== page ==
- A region with two neighbours, or 'digon' (like Liechtenstein, landlocked between Austria and Switzerland);
- A region with three neighbours, or 'triangle' (like Luxembourg, nestled between France, Belgium and Germany);
- A region with four neighbours, or 'square' (like the Czech Republic, lying between Germany, Poland, Slovakia and Austria); or
- A region with five neighbours, or 'pentagon' (like Slovakia, which has Austria, Czech Republic, Poland, Ukraine and Hungary neighbouring it).
Kempe then argued that if there were to exist a map which required five colours, then there must be a simplest-possible version of it, having the minimum number of regions, such that when you removed any one of those regions, it would then need no more than four colours. All he needed to do, therefore, was to consider each of the above configurations (the digon, triangle, square and pentagon), one of which would have to appear in any such map. In each case, he did the following:
He removed the country from the map, by shrinking it to a point. By definition, this resulted in one fewer colour being required.
He reinstated the country, then attempted to show that the resulting map could be coloured with only four colours. If he could do this for every configuration in his unavoidable set, then this would contradict the logical argument and so prove the four colour conjecture to be true.
Kempe tackled each of the configurations in turn. Maps for the digon and triangle-shaped countries were very simple to reconstruct with four colours (Mathematicians say a configuration is 'reducible' if they can do this). The square country was a little more tricky, but by re-colouring the neighbouring countries and considering logical chains of outlying neighbours, he indeed showed the square was reducible. Finally, he tackled the pentagon, and, by recolouring two countries simultaneously, again showed that it could be reduced. Kempe had proved the four colour theorem by demonstrating with flawless logic that each configuration was reducible... or had he?
Percy Heawood: Party Pooper
Eleven years later, the mathematician Percy Heawood spotted a flaw. Using Kempe's logic, Heawood showed that for a pentagon-shaped country, if neighbouring countries were re-coloured simultaneously, then a certain configuration of regions would require a fifth colour. Neither Kempe nor any of the other mathematicians who had previously embraced his now-shattered proof had any answer to it. The four colour theorem became a conjecture once again.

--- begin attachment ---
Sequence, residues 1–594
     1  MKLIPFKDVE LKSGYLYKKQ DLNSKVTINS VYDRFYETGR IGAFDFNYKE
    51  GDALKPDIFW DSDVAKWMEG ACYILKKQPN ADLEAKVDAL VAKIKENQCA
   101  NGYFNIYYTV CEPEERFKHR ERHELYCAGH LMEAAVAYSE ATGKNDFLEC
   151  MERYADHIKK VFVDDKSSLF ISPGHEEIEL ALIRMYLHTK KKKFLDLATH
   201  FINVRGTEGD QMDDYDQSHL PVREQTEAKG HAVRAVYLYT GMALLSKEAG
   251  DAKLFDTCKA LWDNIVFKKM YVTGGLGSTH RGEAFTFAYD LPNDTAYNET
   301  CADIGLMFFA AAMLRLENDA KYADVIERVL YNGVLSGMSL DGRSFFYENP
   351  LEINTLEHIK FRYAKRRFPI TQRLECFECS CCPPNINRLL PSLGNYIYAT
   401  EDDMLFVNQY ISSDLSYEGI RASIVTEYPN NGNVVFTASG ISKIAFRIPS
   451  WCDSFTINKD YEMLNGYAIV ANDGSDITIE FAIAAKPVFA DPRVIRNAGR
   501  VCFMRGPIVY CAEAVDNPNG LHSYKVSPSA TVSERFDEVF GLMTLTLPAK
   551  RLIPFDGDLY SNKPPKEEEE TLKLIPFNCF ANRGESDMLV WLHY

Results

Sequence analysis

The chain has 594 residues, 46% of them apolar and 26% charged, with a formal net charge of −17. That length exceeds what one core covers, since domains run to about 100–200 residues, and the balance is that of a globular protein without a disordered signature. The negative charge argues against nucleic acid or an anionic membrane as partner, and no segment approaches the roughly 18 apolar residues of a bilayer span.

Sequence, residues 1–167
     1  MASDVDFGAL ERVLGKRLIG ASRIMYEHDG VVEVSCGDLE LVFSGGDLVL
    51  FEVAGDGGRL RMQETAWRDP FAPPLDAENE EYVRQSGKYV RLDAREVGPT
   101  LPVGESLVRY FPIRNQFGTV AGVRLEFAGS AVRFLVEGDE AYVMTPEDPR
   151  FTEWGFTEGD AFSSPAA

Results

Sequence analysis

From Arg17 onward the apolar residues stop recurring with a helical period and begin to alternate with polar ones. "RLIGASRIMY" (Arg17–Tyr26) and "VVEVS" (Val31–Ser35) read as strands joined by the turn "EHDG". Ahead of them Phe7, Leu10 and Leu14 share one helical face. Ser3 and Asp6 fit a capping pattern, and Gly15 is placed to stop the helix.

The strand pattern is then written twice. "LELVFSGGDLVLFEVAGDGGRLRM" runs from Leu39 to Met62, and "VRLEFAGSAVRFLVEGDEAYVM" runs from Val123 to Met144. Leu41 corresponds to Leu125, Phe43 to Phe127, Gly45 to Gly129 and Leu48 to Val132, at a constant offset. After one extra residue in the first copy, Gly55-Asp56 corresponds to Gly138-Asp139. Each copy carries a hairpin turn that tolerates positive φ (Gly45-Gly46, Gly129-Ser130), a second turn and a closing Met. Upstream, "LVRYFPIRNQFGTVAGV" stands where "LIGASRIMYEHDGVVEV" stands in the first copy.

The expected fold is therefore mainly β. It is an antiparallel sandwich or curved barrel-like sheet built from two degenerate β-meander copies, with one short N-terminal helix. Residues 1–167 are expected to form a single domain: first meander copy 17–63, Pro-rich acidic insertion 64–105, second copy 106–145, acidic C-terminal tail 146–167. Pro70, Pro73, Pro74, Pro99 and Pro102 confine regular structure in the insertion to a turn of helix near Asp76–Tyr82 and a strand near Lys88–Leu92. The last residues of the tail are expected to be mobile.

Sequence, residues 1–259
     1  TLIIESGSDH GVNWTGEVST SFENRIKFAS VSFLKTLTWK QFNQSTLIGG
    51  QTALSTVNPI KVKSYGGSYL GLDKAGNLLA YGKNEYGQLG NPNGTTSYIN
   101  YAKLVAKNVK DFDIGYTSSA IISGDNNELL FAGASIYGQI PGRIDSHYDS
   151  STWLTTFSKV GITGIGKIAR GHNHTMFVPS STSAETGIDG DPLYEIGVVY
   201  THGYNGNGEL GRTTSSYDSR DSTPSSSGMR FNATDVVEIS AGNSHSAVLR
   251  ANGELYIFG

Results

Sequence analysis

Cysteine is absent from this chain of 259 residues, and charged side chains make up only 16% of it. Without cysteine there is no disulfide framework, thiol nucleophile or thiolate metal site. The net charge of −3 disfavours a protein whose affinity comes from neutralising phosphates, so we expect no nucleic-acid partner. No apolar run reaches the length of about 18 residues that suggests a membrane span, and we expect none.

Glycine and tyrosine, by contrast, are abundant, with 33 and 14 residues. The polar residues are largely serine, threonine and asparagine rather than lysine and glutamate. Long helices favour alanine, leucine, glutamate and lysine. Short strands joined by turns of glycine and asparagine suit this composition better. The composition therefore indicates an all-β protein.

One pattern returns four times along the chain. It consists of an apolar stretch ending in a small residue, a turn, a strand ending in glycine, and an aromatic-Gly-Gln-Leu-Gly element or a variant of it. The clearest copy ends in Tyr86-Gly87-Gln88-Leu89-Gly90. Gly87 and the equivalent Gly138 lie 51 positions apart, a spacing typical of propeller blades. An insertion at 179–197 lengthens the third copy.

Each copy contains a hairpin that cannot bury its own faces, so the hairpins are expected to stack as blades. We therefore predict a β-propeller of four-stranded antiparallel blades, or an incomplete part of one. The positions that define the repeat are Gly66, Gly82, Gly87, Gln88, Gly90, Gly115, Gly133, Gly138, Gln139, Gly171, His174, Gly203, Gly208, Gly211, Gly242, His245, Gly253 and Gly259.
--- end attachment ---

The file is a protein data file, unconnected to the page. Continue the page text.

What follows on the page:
Despite this flaw in his reasoning, Kempe had actually done a lot of good mathematical work. His ideas, particularly the unavoidable set of configurations and consideration of their reducibility, became standard techniques for those who would follow. Heawood also used Kempe's analysis to prove that no more than five colours were necessary to colour any map. Kempe's work was to inspire other mathematicians, including those who were eventually to solve the problem.
Yet, many years were to pass, as a succession of mathematicians attempted to define the Holy Grail of an unavoidable set of reducible configurations. The pentagon was clearly not good enough on its own, as Heawood had shown, but it could be split into a larger set of more specific combinations, for example: a pentagon flanked by a square, or one flanked by another pentagon alongside a triangle. The trouble was that there would turn out to be very many of these, each of which would have to be proven to be reducible. Countless attempts were made to do just this for much of the 20th Century, yet all claims of success failed under closer scrutiny.
Being such a simple problem to define, many mathematicians became obsessed by it, convinced that it would be easy to solve. One story involves the wives of American mathematicians George Birkhoff and Arthur Bernhart, who met at a mathematical society meeting. Said Mrs Birkhoff to the newly married Mrs Bernhart:
Did your husband make you colour maps on your honeymoon, too?
Map colouring also became a popular subject for so-called mathematical cranks, amateurs who flooded academic institutions with letters outlining their outlandish 'proofs', often refusing to accept the flaws subsequently pointed out in their logic.
Mathematicians were only able to finally prove the four colour theorem in the 1970s, using a very un-mathematical technique.
Appel and Haken
It became clear to many that the unavoidable set would be very large, possible including many thousands of configurations, each of which would need to be proven as reducible. It seemed that this could turn out to be simply too onerous a task. An advance came in the 1960s, when the German mathematician Heinrich Heesch from the University of Hannover used computers to classify certain configurations as reducible, using a technique from network theory known as discharging.